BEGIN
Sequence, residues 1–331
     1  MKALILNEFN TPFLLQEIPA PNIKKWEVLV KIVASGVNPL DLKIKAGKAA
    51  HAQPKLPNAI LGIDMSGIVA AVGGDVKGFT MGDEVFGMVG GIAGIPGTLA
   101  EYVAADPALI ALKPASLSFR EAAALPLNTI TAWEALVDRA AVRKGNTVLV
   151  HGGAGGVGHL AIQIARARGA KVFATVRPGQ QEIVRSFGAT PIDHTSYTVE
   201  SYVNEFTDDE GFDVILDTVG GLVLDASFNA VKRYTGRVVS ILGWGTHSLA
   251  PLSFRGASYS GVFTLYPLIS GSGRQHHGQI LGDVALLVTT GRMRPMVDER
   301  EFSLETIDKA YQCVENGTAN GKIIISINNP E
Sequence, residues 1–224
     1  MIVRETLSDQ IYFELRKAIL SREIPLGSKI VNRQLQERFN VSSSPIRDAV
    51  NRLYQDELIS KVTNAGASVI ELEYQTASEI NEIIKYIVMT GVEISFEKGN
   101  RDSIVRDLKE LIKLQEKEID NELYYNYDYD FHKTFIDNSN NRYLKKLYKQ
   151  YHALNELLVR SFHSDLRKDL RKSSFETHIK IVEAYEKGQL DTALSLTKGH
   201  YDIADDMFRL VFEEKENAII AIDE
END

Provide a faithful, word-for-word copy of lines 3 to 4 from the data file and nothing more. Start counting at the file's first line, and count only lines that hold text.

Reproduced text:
    51  HAQPKLPNAI LGIDMSGIVA AVGGDVKGFT MGDEVFGMVG GIAGIPGTLA
   101  EYVAADPALI ALKPASLSFR EAAALPLNTI TAWEALVDRA AVRKGNTVLV